Bowler's tourism manifesto: 100% Pure, not 100% Green

  • Marketing
  • December 16, 2009
  • Tourism New Zealand
Bowler's tourism manifesto: 100% Pure, not 100% Green

Screen shot 2009-12-17 at 10.49.26 AMTourism New Zealand will have a new chief executive for the first time in a decade when Kevin Bowler takes over in January. He'll have the big shoes of George Hickton to fill, but he's looking forward to sinking his teeth into the new role, in which he will be responsible for overseeing the international marketing for New Zealand in over 15 countries.

Bowler, who has a background in marketing, fast moving consumer goods and online telecommunications, says he applied for the job because he’s passionate about New Zealand and wanted to do something beyond growing a company for profit.

“Tourism also makes a big contribution to the way we grow businesses’ economic wealth, and that of New Zealand,” he says.

He spent several years with Telecom, where he worked on projects like T3G and $10txt before moving on to head Telecom’s consumer marketing division. He also worked in fast moving consumer goods marketing, starting with Unilever and NZ Dairy Foods. In the UK he worked for Rank Hovis McDougall foods and he also has experience in advertising account management for Air New Zealand and Cadbury.

Most recently, he was head of YahooXtra so, given his lack of tourism experience, he says his first priority is education.

"I’m new to tourism and I have a lot to learn about all aspects of the industry. I want to meet the people at Tourism New Zealand and as many of our stakeholders as quickly as possible. I want to hear what we’re doing well and what we’re not doing so well and build a picture of what needs to happen.”

So what does he think about 100% Pure?

“The brand we are supporting is New Zealand and 100% Pure is a mechanism that supports that brand. That doesn’t mean 100% Pure New Zealand isn’t important. It has given New Zealand a richer meaning through its presence, but it’s a campaign, not a brand.”
He has particular concerns about the line being too closely aligned with New Zealand’s environmental performance, believing that 100% Pure New Zealand remains more about the experience and feeling of a trip to New Zealand. But he has no plans to change it.

“I don’t think I’d be keen to change it at all. It‘s been and can continue to be very strong. We just need to shape what it means and make sure that it doesn’t come to mean ‘100% green’, and we need to be very clear about what it does mean,” he says.

All his marketing experience has taught him to "put the customer at the centre of your decision-making and don’t assume you know what they are thinking".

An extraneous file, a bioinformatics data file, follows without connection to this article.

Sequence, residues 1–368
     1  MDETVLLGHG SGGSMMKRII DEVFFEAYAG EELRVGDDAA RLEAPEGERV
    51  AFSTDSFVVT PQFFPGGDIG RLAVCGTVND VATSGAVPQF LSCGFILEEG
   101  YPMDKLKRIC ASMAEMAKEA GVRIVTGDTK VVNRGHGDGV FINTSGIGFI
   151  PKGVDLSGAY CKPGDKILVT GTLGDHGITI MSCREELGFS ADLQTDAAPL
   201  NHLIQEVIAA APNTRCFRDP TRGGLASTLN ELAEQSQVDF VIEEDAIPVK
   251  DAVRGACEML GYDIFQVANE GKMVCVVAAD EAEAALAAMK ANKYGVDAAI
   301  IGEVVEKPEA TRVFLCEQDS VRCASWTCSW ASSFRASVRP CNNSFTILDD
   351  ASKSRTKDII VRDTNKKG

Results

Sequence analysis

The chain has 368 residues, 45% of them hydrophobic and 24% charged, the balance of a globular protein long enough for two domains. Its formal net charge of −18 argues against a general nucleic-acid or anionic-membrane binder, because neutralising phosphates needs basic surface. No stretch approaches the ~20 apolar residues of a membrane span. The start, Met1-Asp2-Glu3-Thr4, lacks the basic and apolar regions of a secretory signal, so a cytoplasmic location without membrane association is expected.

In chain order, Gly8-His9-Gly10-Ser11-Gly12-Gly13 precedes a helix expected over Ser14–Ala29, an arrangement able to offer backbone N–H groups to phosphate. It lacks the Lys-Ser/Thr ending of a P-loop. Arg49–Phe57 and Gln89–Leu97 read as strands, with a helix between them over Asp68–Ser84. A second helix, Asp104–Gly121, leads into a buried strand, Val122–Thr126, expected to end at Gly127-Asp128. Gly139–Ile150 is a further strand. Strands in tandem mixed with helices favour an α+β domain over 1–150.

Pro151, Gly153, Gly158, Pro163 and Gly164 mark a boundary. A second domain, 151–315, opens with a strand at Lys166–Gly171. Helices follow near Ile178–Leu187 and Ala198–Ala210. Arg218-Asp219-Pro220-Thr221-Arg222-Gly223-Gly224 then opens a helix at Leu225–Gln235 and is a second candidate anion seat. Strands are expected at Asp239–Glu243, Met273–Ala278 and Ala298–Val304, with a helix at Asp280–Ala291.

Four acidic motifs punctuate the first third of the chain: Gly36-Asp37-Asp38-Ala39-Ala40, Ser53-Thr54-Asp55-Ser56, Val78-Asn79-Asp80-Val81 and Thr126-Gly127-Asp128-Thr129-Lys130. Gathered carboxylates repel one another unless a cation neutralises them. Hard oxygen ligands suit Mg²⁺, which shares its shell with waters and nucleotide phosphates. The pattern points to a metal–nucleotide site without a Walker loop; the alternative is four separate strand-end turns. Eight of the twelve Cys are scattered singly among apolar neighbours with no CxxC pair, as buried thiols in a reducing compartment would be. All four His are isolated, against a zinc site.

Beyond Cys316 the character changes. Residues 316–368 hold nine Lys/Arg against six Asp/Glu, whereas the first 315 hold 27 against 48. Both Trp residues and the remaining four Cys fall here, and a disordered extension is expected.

“As a young product manager at Unilever in Petone, one of the products I worked on was Persil and as a 23/24-year-old, with no domestic skills, I learnt that I really needed to understand what the customer thought of the product.”

And that lesson has been reiterated with many products and services since.

The online realm is exciting for Bowler and he says the best way to explain the power of the Internet is to see the world through the eyes of a “digital native”, someone in their twenties in Tokyo or London who lives a digital life, where their social lives, dates, banking, shopping and conversations are all done via the web.

In terms of travel, he believes people are looking online for buying and pricing comparisons and reading reviews, but more by other travellers like themselves than by paid journalists.

For New Zealand and Tourism New Zealand, this opens up options for taking a niche brand and destination and putting it into niche travel areas. He gives the example of a 35-year old British traveller who likes golf, but wants to go on holiday with their family.

“Wouldn’t they really want to talk to someone like themselves who went to New Zealand with their family and then find out what they did and what they liked and what worked because there was something for their partner and children to do while they went to play golf. Helping people find ways to be reassured to make a purchase to travel feels like a really rich space to me,” he says.

He says an approach to market development which is disjointed from the industry is a “sure fire way to get sub-optimal results”, so he is particularly keen to look at how the organisation can get in better touch with the industry.

“New Zealand is a niche destination with small promotional budgets; and travellers aren’t interested in our lines of delineation.  When considering traveling here they simply want to ‘find out’, ‘compare’, and ‘buy’.”

Bowler starts on 18 January.

*This story featured in the December edition of Tourism New Zealand's newsletter.

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